Now, this is just a partial list of kinds of violations, and you’ll get really depressed if you watch, if you look at this list. So, this is hate speech and misinformation that are at the bottom of the list. They’re actually the most common and the most – the ones that receive most attention. But there are all kinds of things like people trying to exploit kids and human trafficking, and financial scams. Oh, well those have been around since the 90s right, people trying to encourage others for self-injury or suicide, people calling on violence in general. So, each one of these is actually, when you go into the details, they require different kinds of techniques and classifiers, and each one is a world onto its own.

Okay, now these violations have been discovered over time as people started using social networks, and companies have set up teams in order to address these violations as they became prominent. Ideally what we’d like now is to actually look at the technical aspects of preserve integrity and find techniques that can apply widely to many of these violations. Okay, let’s go to the next slide.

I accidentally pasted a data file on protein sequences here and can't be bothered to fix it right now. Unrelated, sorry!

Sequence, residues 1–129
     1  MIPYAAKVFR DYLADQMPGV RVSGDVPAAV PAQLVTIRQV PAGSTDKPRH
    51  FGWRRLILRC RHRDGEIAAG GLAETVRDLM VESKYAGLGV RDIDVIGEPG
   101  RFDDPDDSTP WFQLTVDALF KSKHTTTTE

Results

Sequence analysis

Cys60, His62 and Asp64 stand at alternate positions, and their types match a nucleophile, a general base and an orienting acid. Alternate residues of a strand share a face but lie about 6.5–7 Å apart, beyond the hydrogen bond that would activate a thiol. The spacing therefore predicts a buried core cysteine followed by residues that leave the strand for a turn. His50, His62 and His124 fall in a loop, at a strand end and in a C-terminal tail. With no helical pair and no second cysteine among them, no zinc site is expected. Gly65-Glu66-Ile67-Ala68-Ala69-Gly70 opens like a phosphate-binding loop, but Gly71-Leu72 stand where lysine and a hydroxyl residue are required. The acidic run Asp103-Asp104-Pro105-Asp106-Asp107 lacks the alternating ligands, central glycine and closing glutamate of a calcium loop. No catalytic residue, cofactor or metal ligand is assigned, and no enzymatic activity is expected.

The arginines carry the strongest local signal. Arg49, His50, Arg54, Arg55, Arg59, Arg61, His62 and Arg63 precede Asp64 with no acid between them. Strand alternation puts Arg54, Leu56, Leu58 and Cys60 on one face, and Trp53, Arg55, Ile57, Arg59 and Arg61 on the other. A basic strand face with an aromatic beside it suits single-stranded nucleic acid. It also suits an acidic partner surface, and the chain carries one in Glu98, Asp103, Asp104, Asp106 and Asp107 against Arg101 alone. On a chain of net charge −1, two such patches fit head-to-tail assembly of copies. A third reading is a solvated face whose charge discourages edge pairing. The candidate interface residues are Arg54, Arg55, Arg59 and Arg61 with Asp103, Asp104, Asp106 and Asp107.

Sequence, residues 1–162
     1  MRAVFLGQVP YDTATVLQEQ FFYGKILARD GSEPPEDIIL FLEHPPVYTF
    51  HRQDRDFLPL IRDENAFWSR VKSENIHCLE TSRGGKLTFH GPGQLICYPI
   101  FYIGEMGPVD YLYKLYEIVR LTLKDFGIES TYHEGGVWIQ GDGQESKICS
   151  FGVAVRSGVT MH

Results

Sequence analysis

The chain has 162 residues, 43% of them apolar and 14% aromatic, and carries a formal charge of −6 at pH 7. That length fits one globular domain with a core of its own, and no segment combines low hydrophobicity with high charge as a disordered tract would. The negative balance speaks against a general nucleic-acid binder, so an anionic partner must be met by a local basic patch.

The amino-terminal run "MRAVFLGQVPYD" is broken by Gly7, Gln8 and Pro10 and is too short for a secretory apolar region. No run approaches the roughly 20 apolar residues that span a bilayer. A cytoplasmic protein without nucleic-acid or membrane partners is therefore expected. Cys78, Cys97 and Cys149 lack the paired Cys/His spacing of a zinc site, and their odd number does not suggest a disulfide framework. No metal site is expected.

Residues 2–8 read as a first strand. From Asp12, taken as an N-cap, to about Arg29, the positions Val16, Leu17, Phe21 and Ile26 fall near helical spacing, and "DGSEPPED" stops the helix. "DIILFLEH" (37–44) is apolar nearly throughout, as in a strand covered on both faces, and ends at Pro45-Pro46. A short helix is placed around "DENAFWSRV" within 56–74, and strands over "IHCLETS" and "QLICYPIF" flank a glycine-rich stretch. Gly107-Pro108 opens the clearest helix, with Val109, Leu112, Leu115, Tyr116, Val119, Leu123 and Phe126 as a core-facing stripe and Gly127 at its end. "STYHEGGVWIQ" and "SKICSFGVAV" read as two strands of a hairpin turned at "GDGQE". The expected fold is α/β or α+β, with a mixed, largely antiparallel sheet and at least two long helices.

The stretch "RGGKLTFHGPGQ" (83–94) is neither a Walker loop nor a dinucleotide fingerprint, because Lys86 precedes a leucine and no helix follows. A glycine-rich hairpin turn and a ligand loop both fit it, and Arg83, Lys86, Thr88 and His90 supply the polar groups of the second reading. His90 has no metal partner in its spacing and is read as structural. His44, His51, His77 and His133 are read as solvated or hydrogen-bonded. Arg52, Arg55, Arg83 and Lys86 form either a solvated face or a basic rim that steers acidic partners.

So, this is what this is. Maybe my most colourful slide. This is what the enforcement pipeline looks like. Okay, so this is again, this is similar to a bunch of companies. But what happens is – so stuff happens on the network, right. People create accounts, people post, they pos, they make comments, they send messages. These are the events that happen now. When these events happen, there are two ways of discovering violations. One is when people, users, will report saying I think is a violating post. Okay, the other is these posts go directly into AI based violation classifier. So, this is the technology that I’ll be talking about today, powers these AI systems that look at this content. And we’ll do one of two things. One is if the classifier is extremely confident that the post is violating, it will remove it immediately. Or possibly down rank it so the probability that somebody will see it is very low. If the level of confidence is not that high, then what will happen is it’ll queue it to a set of community workforce of people who enforce community rules. So, they would look at posts, they will go through some user interface that enables them to make a decision, hopefully quickly. And when you know, if there’s enough, if there’s a majority that says that this is violating, the post will be removed. So, this is what happens for most of the violation types except misinformation. Misinformation is when people try to say that trump won the election or that, I don’t know, Clorox cures coronavirus. Now in principle, one could do the same thing right, one could treat misinformation as just another violation. The problem is that with misinformation there is some sort of ground truth. And so Facebook or any other social media company doesn’t want to be the arbiter of truth in the world, that would be a really bad situation to be in. So, what these companies do is they send the suspected misinformation posts to third-party checkers who are you know, they go through all kinds of qualifications and they come from the broad range of the political map, and they’re not employed by Facebook. They are – or the social media company – they are independent organisations and they actually, what they will do is they will do the deeper research that is needed in order to figure out whether the claim is false or not. And usually that research depends on some expertise in politics or medicine, or what have you. And they will make a judgment that that will be upheld. Now many misinformation posts are just variations or different ways of saying a post that we already claimed, that we already know was debunked or validated. And so what we do, is if we see a new post that we suspect is misinformation, we will try to match it against a post for which we already know or claim that we already know it, whether it’s true or not. And if we can see, if we can transfer our learning from that one to the new one we will perform the appropriate action. Now you can  always – so what does it mean to enforce? It means you can delete accounts. You can delete content, you can demote content. You may have to call law enforcement if you suspect that somebody is trying to commit suicide, for example. So they’re again depending on the violation, the enforcement can look to be different and of course there’s an appeal process in place. So, you can – or affected organisations or individuals can appeal, and those appeals are obviously looked at. lLt’s go to the next slide.